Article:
Notes on "The Suma Project"

The Suma Project: Integrating Observational Data Assessment Into Space and Service Design
Jason Casden, Lead Librarian, Digital Services Development, NCSU Libraries, Raleigh, NC
Bret Davidson, Digital Technologies Development Librarian, NCSU Libraries, Raleigh, NC

  • Suma is an open-source, tablet-based app for collecting & analysing data about the usage of physical spaces & services. It supports all mobile devices, as well as desktop computers.
  • This app contains a giant button to allow staff to easily record headcount. The student workers just hold the iPad at their side and click the large button when taking headcount.
  • Suma uses Google Analytics to keep track of app usage.
  • It’s a reusable tool that has the ability to be used across multiple departments & initiatives
  • The Suma server uses PHP & syncs between the client & the server
  • It exports data into CSV format & chart images
  • Suma is hosted on GitHub; pull requests are welcome
  • Includes installation docs & support requests
  • Has the ability to run on a web server & MySQL database.
  • For more information on the Suma project, please ask me for the PDFs of this presentation.

Notes on "Know Thy Project"

Know Thy Project: What Creation and Analysis of an Online Data Stream Can Teach You About Output and Efficiency
R. Niccole Westbrook, Coordinator of Digital Operations, University of Houston Libraries, Houston, TX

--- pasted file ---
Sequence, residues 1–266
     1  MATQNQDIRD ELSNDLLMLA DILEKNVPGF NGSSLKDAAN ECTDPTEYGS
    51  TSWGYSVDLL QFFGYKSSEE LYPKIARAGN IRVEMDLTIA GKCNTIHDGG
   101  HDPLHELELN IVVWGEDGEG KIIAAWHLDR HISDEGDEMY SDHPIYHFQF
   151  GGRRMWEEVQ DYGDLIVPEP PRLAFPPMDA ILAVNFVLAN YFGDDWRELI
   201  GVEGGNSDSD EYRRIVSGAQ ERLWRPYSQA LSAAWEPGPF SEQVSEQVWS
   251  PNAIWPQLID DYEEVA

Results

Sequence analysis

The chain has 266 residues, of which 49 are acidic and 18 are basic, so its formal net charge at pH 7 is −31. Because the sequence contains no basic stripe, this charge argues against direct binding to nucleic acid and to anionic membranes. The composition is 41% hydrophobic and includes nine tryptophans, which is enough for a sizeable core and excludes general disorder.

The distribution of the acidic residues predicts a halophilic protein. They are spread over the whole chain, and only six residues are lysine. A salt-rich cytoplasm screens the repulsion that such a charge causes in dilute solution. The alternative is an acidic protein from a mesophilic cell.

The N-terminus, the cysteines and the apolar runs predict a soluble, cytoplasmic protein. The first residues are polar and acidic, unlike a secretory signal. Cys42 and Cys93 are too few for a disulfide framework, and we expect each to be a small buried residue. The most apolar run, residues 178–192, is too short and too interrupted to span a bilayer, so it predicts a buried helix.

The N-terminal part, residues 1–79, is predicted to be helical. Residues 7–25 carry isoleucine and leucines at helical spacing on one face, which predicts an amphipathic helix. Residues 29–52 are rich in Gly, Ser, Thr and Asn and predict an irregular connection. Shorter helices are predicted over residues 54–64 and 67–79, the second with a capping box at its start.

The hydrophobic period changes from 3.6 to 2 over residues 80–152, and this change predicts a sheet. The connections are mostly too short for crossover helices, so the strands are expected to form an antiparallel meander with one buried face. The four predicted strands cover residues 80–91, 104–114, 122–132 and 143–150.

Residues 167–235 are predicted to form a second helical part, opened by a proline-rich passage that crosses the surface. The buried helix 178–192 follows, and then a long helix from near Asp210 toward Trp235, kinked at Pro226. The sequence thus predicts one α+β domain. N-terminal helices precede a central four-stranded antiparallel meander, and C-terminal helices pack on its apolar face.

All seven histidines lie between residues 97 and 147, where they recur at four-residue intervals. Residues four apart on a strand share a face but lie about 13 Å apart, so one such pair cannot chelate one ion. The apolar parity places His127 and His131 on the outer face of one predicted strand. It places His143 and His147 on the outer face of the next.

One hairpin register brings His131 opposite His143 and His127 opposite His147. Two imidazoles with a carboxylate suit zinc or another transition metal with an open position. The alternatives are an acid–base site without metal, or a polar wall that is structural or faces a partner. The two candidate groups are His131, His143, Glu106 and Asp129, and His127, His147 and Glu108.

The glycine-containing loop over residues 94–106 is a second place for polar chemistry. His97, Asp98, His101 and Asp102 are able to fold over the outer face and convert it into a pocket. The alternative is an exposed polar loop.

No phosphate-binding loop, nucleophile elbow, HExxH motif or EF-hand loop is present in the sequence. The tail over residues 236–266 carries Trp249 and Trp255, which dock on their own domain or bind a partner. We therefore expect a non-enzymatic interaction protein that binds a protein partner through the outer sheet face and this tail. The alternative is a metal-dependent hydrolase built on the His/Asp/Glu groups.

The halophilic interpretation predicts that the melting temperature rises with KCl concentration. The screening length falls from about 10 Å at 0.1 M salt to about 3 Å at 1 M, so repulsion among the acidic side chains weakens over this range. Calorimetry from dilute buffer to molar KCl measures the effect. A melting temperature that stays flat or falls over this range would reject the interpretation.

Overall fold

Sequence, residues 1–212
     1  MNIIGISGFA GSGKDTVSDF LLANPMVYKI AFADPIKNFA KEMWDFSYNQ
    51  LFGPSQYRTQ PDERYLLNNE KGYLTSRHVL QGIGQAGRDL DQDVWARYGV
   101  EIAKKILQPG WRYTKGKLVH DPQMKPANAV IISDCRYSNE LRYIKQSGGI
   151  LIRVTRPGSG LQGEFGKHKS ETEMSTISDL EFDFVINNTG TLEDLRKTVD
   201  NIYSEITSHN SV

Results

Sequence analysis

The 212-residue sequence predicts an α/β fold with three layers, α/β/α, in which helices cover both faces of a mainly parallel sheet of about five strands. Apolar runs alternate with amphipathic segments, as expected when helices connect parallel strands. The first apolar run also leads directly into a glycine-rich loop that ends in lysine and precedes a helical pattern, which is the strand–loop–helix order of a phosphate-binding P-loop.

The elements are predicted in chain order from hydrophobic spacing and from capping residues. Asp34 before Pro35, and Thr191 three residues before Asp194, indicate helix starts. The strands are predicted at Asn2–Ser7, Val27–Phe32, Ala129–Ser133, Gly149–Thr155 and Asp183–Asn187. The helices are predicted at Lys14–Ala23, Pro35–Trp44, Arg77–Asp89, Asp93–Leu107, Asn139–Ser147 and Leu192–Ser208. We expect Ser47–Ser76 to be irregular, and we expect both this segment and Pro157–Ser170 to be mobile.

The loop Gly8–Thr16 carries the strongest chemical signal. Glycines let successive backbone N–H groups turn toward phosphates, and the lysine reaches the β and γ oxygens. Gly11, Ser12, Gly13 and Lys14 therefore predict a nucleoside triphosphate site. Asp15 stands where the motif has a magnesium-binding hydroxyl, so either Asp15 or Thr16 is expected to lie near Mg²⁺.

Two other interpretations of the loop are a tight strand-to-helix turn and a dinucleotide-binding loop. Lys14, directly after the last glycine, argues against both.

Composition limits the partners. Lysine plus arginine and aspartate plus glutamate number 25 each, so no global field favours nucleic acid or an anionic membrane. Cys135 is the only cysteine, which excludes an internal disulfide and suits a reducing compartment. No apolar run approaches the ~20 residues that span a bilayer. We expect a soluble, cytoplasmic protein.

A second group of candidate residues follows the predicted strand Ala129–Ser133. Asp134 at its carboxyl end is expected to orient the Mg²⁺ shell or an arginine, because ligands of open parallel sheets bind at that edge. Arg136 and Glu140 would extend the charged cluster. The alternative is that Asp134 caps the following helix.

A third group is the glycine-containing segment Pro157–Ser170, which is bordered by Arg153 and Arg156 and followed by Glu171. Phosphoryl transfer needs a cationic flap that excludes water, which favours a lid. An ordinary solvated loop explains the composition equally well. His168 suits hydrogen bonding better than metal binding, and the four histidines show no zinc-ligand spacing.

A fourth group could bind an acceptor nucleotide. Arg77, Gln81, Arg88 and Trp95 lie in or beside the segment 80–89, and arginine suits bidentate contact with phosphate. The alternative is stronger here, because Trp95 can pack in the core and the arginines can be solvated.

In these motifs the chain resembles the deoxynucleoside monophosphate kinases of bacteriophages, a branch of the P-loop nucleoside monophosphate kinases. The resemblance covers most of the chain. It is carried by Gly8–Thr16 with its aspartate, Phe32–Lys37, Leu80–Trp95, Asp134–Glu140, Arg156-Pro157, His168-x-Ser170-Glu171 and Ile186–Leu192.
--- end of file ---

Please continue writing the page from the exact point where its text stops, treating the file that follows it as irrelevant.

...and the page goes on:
• Every person on the team collects data
  • Make sure that staff understand why the data they’re collecting is useful.
  • Have a plan for all data collected.
  • Use incentives.
  • Log the hours spent collecting data into a calendar, such as Google calendar.
  • It’s important to know how many hours are being put in on a project so that we can revise if needed.
  • Have staff log any issues they’ve had with collecting data.
  • Using forms within Google Docs (now called Google Drive) is a good way for staff to collect data from any location.
  • These forms can be exported into Excel for analysis.
  • Compare how much work has been produced year after year.
  • Why has the workflow increased/decreased? In what ways can we improve?
  • Make sure that data collection & analysis doesn’t take any more than 5-10 minutes per day.
  • Flawed data is better than no data.
  • Quality control decisions are made 1st with policies and then through data collection & analysis.

Notes on "Information in a Dash"

Information in a Dash: Painless & Penniless Statistical Reports
Joyce Neujahr, Director of Patron Services, University of Nebraska at Omaha, Omaha, NE
Emily McIllece, Reference Associate, University of Nebraska at Omaha, Omaha, NE

  • Libraries often have many statistics in too many places (ILS, LibGuides, databases, etc.).
  • This library used Google Sites & Google Docs for statistics.
  • The benefit of this was that the sheets were customizable, could be updated in real time, and they could choose who gets to see & edit the info. This data is also accessible anywhere, at any time.
  • For an example of this library’s statistics, see
  • The graphs are linked to Google Spreadsheets and change automatically when data changes.
  • Google Analytics are attached to the Dashboard, so you can keep track of how often statistics are entered.
  • Keeping statistics in this way makes it easier to compile data for annual reports, campus newsletter, collection development (ILL stats), and accreditation.
  • Having all library statistics in one place has greatly benefited this library. ILL statistics, in particular, have driven many of their collection development decisions.
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